O' say can you see, North Korea's highest, longest ICBM test yet?

While Americans shot off Roman candles for July 4th, North Korea launched an ICBM higher and farther than any of its other 10 missile tests this year.

Secy. of State Rex Tillerson, who last spring announced an end to two decades of “strategic patience” with the rogue Communist regime, confirmed the missile was an ICBM, likely a two-stage rocket, that flew for 37 minutes to an altitude of more than 1,700 miles. It landed in the Sea of Japan nearly 600 miles from launch, also farther than previous tests.

State media called the launch a “gift” to the United States on its national holiday and crowed that the missile can “reach anywhere in the world.”

While that’s a clear exaggeration, North Korea’s most recent successful tests demonstrate rapid progress in its technology to develop and then deliver a nuclear weapon to the U.S., as long promised by Kim Jung-un, the latest Kim to rule ruthlessly there since 1945.

Experts in recent U.S. administrations have consistently under-estimated the North’s capabilities. Tillerson vowed Tuesday that a nuclear-armed North Korea is unacceptable to the U.S., which would use “the full range of capabilities at our disposal against the growing threat.”

President Trump has stationed considerable military resources in the area. Operating with South Korean forces, they practiced a responsive drill to Tuesday’s test.

National Security Adviser H.R. McMasters has said the president also ordered the military to develop “a range of options” to address the threat. That range varies from additional financial sanctions, which have not deterred that regime, to some kind of preventive military intervention, which risks all-out war on the Korean Peninsula.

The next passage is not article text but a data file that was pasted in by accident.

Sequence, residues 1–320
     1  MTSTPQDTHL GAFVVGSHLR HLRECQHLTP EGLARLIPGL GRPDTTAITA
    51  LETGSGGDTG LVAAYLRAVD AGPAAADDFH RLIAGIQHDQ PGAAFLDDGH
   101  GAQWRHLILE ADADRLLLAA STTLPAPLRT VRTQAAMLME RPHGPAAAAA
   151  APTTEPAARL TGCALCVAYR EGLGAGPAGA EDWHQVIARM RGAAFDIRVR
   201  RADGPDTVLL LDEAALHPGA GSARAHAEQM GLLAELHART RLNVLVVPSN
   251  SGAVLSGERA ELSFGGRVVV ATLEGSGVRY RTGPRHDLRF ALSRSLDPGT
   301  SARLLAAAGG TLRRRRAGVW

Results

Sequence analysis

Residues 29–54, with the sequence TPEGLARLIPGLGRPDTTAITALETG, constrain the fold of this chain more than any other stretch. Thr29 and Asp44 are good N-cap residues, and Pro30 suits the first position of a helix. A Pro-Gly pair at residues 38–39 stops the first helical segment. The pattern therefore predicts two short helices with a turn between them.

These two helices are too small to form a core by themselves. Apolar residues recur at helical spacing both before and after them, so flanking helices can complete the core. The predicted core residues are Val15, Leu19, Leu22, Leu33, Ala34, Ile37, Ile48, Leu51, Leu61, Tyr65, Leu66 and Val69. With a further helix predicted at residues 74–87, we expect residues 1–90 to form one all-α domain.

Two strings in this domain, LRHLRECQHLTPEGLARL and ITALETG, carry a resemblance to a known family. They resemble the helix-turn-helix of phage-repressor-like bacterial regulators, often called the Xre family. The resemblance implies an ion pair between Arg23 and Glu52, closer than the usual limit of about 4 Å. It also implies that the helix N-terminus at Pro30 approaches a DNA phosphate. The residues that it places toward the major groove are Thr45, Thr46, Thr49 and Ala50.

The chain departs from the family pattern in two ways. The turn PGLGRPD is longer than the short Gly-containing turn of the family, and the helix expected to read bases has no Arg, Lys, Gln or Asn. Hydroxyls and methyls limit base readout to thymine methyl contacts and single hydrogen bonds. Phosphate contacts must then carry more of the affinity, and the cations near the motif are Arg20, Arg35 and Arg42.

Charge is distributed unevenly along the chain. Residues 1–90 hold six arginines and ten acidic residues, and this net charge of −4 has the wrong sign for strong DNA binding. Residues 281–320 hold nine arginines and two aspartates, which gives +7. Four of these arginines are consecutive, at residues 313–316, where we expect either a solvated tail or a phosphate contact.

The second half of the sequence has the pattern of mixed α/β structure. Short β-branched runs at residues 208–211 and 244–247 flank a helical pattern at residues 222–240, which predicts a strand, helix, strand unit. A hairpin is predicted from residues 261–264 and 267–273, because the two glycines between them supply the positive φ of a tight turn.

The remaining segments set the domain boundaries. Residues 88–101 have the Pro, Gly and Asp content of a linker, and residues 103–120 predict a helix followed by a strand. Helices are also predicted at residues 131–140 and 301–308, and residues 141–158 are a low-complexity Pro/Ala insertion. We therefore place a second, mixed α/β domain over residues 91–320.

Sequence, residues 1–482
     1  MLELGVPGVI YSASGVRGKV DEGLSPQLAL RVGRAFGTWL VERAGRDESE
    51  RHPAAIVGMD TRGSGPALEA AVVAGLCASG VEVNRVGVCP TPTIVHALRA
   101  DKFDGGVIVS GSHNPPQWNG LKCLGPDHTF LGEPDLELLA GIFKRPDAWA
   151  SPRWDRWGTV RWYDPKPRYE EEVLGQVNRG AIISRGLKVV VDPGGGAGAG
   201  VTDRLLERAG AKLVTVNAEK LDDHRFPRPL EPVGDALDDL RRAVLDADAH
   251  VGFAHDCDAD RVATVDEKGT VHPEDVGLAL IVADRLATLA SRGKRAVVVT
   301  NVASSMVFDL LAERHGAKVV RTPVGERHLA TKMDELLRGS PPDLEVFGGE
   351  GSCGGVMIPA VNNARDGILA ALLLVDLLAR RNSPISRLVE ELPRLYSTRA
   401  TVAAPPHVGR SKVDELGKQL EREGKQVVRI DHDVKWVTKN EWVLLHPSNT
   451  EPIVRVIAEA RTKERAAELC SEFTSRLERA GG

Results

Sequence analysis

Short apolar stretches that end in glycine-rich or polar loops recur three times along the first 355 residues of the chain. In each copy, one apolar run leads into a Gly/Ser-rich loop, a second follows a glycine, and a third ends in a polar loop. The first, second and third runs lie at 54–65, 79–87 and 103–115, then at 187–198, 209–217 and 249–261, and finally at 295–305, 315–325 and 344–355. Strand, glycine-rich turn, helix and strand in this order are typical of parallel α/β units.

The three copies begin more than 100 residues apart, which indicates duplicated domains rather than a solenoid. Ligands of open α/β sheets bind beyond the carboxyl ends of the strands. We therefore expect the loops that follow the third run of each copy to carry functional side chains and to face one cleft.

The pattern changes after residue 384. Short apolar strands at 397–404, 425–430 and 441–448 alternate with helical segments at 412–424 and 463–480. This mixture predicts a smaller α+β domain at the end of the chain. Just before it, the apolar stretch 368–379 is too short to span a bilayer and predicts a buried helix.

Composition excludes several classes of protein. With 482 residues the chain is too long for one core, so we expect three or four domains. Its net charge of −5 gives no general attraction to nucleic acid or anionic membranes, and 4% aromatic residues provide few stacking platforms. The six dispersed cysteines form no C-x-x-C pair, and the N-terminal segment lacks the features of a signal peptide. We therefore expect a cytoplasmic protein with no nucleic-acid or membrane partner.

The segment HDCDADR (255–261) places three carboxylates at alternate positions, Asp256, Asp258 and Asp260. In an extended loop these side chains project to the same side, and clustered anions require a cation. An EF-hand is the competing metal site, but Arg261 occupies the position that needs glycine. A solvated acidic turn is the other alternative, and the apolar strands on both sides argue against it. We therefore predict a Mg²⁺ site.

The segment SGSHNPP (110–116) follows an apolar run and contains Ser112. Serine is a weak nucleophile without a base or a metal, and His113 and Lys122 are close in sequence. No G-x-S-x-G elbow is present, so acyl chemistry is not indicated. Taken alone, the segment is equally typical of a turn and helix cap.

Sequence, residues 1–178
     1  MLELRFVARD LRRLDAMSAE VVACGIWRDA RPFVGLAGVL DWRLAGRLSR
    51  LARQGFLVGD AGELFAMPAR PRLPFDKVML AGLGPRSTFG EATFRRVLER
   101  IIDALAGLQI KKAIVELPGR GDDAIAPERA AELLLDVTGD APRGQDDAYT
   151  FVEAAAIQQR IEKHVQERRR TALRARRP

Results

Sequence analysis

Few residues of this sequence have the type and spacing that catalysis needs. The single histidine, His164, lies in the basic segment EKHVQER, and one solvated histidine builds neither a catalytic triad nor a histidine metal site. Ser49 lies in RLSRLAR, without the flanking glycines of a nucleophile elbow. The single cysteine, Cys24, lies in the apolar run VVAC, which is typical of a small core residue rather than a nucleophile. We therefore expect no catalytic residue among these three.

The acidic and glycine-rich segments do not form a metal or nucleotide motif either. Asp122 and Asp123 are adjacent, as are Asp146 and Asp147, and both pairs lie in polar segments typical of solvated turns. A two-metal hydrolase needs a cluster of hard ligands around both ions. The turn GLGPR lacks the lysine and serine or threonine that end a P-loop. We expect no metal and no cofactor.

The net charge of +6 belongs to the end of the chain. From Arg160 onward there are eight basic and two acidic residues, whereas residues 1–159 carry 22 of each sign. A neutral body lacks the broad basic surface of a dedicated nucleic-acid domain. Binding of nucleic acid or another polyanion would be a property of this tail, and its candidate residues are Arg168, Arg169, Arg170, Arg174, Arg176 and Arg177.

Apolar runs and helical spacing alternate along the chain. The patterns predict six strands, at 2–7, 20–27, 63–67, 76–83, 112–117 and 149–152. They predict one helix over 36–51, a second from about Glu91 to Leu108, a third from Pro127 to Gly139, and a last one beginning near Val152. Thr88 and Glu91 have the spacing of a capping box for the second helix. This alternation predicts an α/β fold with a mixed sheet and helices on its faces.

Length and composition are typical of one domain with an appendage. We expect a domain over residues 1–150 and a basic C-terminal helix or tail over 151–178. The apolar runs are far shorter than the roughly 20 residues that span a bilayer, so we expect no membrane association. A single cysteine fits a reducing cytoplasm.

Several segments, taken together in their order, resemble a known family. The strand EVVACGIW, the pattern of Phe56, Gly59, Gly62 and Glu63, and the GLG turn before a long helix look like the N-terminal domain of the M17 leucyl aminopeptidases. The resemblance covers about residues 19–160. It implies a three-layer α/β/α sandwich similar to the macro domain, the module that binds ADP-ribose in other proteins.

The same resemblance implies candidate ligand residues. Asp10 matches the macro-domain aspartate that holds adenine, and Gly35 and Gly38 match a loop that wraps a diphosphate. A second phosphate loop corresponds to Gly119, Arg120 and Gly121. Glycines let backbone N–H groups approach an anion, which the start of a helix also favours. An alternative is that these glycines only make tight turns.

Modern Korean history is fraught with misunderstandings and miscalculations. In the late 1940’s, the Truman Administration appeared to state that the Korean Peninsula was outside America’s postwar sphere of interest. On June 25, 1950, Kim’s grandfather, Kim Il-sung, invaded the South, quickly gaining control of most of it.

Lead by the U.S., United Nations forces counterattacked, pushing the Communists back toward the Yalu River and China’s border. Seoul changed hands four times. China then joined the fight, which became a stalemate until the ceasefire of July 1953. A peace treaty has never been signed for the conflict, which claimed about 37,000 American lives.

Trump has relied until now on China’s persuasive abilities with its client neighbor. In Moscow enroute to the G-20 meetings in Hamburg late this week, Chinese President Xi Jinping met Russian President Vladimir Putin. They called for a freeze on North Korean nuclear weapons and on U.S. military deployments in the South, an idea rejected by the U.S.

South Korea’s new President Moon Jae-in, who stopped U.S. deployment of an anti-missile system, urged China to do more and warned the North against crossing a “bridge of no return” by attacking. The capital of Seoul, the world’s second largest metropolitan area, is just 35 miles from the DMZ and contains almost 26 million people, including 30,500 U.S. troops.

The U.N. Security Council scheduled a Wednesday afternoon meeting, which should resolve the whole issue, said no one ever.

Experts differ on the North’s current capabilities. The two important developments are to build a rocket with the altitude of an ICBM and the ability to protect a warhead during the extremes of atmospheric re-entry, and with the range to reach the U.S., possibly Guam, Alaska or even the West Coast. The other need is to miniaturize a nuclear weapon that fits atop such a missile.

Of course, North Korea is also developing a submarine-launched missile, which would not need the range to cross the Pacific.